Another maybe less well known feature of Outward Bound classes is time allocated to community service. Besides the days of expedition classes for developing individual and supervisory skills, students are scheduled for community projects to bring these responsibilities to their awareness.
Dave “Fuzzy” Thurston emailed me after reading last week’s Bethel news to bring up a famous name, Rowland Evans, Jr., that is linked to our greater vacation area –- the Richardson Lakes. In maybe the late 1980s Mr. Evans had a camp built on the eastern shore of Upper Lake Richardson, above the Upper Dam. Mr. Evans was one of the dynamic duos in the famous Evans and Novak team of columnists. According to some sources, he was infamously listed in President Nixon’s enemies’ notebook.
When Randy Bennett was preparing Herbert P. Shirrefs' book, “The Richardson Lakes – Jewels in the Rangeley Chain,” for publication, Mr. Evans was one of the sponsoring donors. The book was published by The Bethel Historical Society and printed at Smith and Town Printers, Berlin, N.H., in 1995. Rowland Evans, Jr., died in 2001.
Fuzzy also mentioned Mr. Charles Cutting, an Andover resident, who worked at the U.S. Patent Office as a Patent Examiner and Supervisor -- more about Mr. Cutting next week.
Farm Stand Roundup
Capen Hill Farm: Bud and Joan Howe operate the Capen Hill Farm, Est. 1820, farm stand on Middle Intervale Road. Their stand’s produce includes string beans, green and wax, corn, cukes, tomatoes, potatoes, glads, broccoli, peas and lettuce. Their specialty is jams, jellies and preserves. Of the four places I visited Saturday, the Howes are the only ones to sell preserves. They had for sale sour dill pickles, bread and butter pickles, beans and relish. They have a Maine license to sell “canned” goods and their products undergo state inspections. Their phone number is 824-2716.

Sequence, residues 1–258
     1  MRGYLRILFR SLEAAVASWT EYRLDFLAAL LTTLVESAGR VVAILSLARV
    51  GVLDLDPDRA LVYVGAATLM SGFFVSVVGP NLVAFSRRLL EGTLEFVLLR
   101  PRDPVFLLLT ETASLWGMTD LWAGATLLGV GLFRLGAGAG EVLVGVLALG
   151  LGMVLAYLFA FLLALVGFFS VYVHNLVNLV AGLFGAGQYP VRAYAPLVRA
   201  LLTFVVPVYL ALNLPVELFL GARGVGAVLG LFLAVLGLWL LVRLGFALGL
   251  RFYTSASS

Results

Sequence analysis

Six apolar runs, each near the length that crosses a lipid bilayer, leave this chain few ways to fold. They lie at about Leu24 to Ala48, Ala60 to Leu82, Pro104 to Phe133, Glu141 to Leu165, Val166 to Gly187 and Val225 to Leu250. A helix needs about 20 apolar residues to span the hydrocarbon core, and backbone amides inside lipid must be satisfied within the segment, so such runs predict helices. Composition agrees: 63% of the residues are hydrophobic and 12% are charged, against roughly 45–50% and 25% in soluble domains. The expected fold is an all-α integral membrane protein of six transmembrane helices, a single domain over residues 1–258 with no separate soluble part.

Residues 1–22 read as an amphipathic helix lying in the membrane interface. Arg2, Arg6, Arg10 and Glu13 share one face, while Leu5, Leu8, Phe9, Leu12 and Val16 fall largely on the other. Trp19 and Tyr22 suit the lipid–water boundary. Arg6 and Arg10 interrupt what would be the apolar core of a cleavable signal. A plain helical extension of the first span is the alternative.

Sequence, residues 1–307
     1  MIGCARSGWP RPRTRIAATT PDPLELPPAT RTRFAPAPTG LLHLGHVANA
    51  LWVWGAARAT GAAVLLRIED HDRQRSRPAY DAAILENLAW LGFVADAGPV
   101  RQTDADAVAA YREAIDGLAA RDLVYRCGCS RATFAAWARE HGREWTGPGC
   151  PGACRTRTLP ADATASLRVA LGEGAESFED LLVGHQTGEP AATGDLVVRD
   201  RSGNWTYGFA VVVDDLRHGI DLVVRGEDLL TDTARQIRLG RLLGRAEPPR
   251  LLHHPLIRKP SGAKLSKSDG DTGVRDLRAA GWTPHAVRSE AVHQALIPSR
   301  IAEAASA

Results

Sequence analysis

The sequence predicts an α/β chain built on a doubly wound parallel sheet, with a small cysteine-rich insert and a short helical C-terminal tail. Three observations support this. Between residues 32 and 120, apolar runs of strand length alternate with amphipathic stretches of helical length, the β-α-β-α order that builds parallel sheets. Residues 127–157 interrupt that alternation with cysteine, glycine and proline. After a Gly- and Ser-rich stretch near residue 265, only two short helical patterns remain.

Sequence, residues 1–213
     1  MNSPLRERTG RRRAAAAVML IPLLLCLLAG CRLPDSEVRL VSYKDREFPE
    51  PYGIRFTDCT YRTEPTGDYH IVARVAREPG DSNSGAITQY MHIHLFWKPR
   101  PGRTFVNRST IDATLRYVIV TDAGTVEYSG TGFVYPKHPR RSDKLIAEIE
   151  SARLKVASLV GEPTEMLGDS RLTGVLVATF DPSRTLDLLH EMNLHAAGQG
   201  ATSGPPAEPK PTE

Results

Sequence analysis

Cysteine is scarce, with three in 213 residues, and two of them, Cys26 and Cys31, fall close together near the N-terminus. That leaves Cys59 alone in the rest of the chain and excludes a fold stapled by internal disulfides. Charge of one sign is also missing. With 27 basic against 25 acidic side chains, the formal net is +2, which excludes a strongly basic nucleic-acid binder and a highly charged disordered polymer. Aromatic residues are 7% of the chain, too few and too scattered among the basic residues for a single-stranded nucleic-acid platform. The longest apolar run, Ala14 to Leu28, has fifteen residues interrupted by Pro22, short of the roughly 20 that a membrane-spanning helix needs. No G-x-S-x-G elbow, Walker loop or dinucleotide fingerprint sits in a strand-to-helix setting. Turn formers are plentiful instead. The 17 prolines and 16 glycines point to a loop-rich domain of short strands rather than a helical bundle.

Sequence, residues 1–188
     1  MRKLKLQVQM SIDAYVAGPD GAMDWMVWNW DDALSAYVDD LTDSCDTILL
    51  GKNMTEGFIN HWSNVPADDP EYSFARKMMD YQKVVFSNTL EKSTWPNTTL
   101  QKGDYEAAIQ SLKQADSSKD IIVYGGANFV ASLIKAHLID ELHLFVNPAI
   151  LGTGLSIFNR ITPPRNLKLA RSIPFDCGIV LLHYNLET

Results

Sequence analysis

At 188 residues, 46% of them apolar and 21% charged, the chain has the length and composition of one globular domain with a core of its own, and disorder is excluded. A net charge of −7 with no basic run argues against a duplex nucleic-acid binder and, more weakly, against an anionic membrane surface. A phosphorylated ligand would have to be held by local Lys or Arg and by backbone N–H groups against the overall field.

Swain Farm: The Swain Family Farm on Route 2 on the west side of Skillingston-Steam Mill has a just-about-everything array of Maine vegetables. Saturday their farm stand included: Swain special sweet corn, beets, beet greens, broccoli, yellow, red and green tomatoes, onions, peppers, cukes, and pickling cukes, potatoes, summer squash, egg plant, zucchini, cabbage and string beans. They also had apples, camp wood by the bundle and mulch hay by the bale. The Swain Farm phone number is 357-9504.
Farmers Market – Saturday Morning: This year the Farmers Market is open Saturday mornings next to the Norway Savings Bank. Last Saturday there were three vendors – Carter’s Middle Intervale Farm, Vegetable Dance at the Carter Farm, and Maine Lobster Boys from Cape Elizabeth. John Carter’s stand had corn and hamburger combo specials. His hamburger is made from Angus beef. He also had red potatoes. The next setup was Vegetable Dance run by Cynthia Flores; she offers a large variety of vegetables and herbs: slicing and pickling cukes, blue potatoes, egg plant, herbs (basil, parsley, lime, lemon, and Thai basil), tomatillos, onions (sweet, red and cipollini), hot peppers (Serrano, cayenne, and banana), kale, scallions, garlic (metechi, sue’s, and german red), bell peppers, chard, cabbage and garlic bulbs.
Maine Lobster Boys: The Maine Lobster Boys stand was selling live one-pound and pound-and-one-half lobsters. Customers could have their lobsters cooked while they waited. Maine Lobster Boys also have a haddock and steamer deal –- customers who e-mail an order in by Wednesday, MLB will bring the order to Bethel for the next Saturday market. Their e-mail address is email@example.com. Telephone is 799-7743. The MLB’s website says “Call us and order your lobsters to be delivered to your doorstep. We will ship your lobsters overnight through UPS.